The coastal path from Ogmore to Southerndown is well worth a visit especially when the weather is nice. Park your car at either Southerndown or Ogmore and stroll along the high cliff-top path enjoying the fantastic Bristol Channel views. Both locations have good car-parking though there is a small charge (about £3).
View of Southerndown from Ogmore
The coastal path here is along the top of the limestone cliffs. The cliffs are about 40m (130ft) high above the rocky beach. The path is a little way from the edge of the cliff which is a good thing as there isn’t any protection from the sheer drop into the sea below. It’s advised to keep children and dogs well under control!
Tufa Cliff at Cwm Nash
We went down Cwm Nash last weekend.
This photo is at the end of the Cwm (valley) looking back inland. It’s quite interesting because all of the rock either side here (out of view) is grey liassic limestone that weathers to a light buff colour. But all of the buff coloured cliff face here is post glacial tufa. Tufa is a calcareous deposit. All of the cliff that you can see here is lime that has precipitated from the valley stream since the last ice age – only about 12,000 years ago. So the cliff has slowly built up from the stream. The stream is currently quite small and now comes out of the bridge structure over to the right. read more
There was a great sunset over the Vale of Glamorgan last night. Reminded me of a Turner painting. We get some great sunsets in South Wales.
Last week we went to the National Eisteddfod of Wales in Llandow, in the Vale of Glamorgan. We were invited as guests of the Principality Building Society which was very nice. 🙂 The Principality is Wales’ largest mutual building society and is the main sponsor of the National Eisteddfod choral competitions.
The Eisteddfod is a cultural festival and is held annually in Wales. Its location alternates each year between north and south Wales and is normally held at a new site each time. This year Llandow between Cowbridge and Llantwit Major was chosen. read more
We stopped off today at Llantrithyd Church. It’s situated in the centre of the rural Vale of Glamorgan half way between Cardiff and Cowbridge. It’s off the beaten track along a small lane that runs from Bonvilston through the countryside eventually ending up in Llantwit Major.
The church appears to date from the 1500s and is a beautiful place. The inside of the church is well worth a visit when it’s open – “Here is a massive 16th century family altar tomb dominating the tiny interior. It retains its colourful paint and gilded detailing and shows a man in armour laying next to his wife, both with their hands together in prayer.” – Wales Online
It’s a few years since we last visited Illtud’s 216 restaurant in Llantwit Major but we popped along on the spur of the moment for my birthday last week.
Even though it’s been 3 years the restaurant hasn’t appeared to change much. Although fairly non-descript on the outside the inside has a medieval feel to it (click on the photo for a better view). Even though it has a high roof in the main part of the restaurant the use of drapes and banners gives a warm cosy feel. The front of the restaurant has a wood burning stove which enhances the ambience – especially when the owner Georg Fuchs managed to fill the room with smoke! read more
We visited St Augustine’s Church in Penarth last week. The church is set high up on the headland between Cardiff Bay and the Bristol Channel. Its prominent position means that it’s clearly visible for miles around.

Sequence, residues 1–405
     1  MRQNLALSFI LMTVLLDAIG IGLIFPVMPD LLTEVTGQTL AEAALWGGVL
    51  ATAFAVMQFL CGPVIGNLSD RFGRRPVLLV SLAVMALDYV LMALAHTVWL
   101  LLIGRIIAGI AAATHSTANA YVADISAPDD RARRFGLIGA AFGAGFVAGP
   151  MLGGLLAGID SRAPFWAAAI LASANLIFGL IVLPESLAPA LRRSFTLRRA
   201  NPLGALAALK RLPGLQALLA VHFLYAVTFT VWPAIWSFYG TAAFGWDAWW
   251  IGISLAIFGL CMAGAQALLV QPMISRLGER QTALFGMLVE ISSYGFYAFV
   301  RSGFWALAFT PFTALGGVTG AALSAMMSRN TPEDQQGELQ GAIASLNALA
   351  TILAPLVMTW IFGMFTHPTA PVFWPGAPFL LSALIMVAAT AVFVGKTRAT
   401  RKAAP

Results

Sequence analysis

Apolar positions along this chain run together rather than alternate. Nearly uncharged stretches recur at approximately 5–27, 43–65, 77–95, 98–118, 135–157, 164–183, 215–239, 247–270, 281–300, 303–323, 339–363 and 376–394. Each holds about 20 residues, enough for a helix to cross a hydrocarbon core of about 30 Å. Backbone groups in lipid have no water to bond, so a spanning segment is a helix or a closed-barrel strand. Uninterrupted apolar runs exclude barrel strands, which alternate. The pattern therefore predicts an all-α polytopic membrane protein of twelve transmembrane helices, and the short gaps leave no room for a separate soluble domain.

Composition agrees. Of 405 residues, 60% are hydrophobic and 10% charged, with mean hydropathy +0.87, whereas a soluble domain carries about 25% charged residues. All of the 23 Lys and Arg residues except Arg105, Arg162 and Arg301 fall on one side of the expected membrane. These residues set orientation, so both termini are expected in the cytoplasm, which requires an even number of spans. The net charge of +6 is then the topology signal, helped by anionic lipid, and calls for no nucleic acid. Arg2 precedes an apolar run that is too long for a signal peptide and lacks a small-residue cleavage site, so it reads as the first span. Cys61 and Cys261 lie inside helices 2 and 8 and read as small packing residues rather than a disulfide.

I see the church almost every day but have never visited it before. It has stunning views back across the Bay towards the Pierhead building, Mermaid Quay and the city centre, and then on to the hills and mountains north of Cardiff.
The church is pretty impressive, though the graveyard needs a bit of love and attention.
St Illtud's Church - north
St Illtud’s church in Llantwit Major is a remarkable place. A church was first set up here by St Illtud in AD520 when he created the first collegiate church and monastery.
It has often been called “the oldest university in the world”. Llanilltud Fawr became the centre of learning throughout Christian Britain.
A couple of weeks ago we walked from Ogmore by Sea to Southerndown. It’s a great walk along the coastal path with great views across the Bristol Channel.
As we passed one of the bays I spotted these Trials bikes practising on the limestone slabs. Click on the photo for a better view.
It looked like a lot of fun and the guys were pretty skilled. Pretty impressive 🙂
Update 26th January 2010: it seems one of the riders was Dave Kerr – both guys are top of their sport in the UK
Photo by NeedAHaircut – http://www.flickr.com/photos/valeofglamorgan/
The Vale of Glamorgan Agricultural Show is taking place tomorrow (Wednesday 19th August 2009) @ Fonmon near Cardiff Airport. Well worth a visit and the weather forecast is looking OK as well. More info here – Vale Show
Yesterday we visited Ogmore Castle. The castle dates from about 1116. It’s pretty unusual as it is low-lying and right next to the river Ogmore. There is a moat that apparently used to fill at high tide (the River Ogmore is tidal here). Not much remains of the castle now but it’s still worth a visit. read more
A few days ago I met up with some old school friends from Cowbridge in the Bear Hotel in Cowbridge. I was early and had missed the earlier opportunity of a free meal in Cardiff so I decided to go for a bar meal while I waited for my friends. I decided to go for the Cajun Salmon from the daily specials menu. The meal was excellent – the salmon was cooked to perfection and the Cajun spices and sauce wasn’t too over the top. The meal cost close to £9. With a couple of pints of the Bear’s special real ale the evening went down a treat!!! Not so sure about the friends though. 🙂